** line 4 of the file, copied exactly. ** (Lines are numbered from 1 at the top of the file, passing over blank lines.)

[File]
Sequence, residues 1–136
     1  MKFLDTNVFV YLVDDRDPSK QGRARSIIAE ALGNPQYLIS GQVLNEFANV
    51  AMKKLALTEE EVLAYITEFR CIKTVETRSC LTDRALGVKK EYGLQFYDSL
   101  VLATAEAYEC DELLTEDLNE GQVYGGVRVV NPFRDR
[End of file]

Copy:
   101  VLATAEAYEC DELLTEDLNE GQVYGGVRVV NPFRDR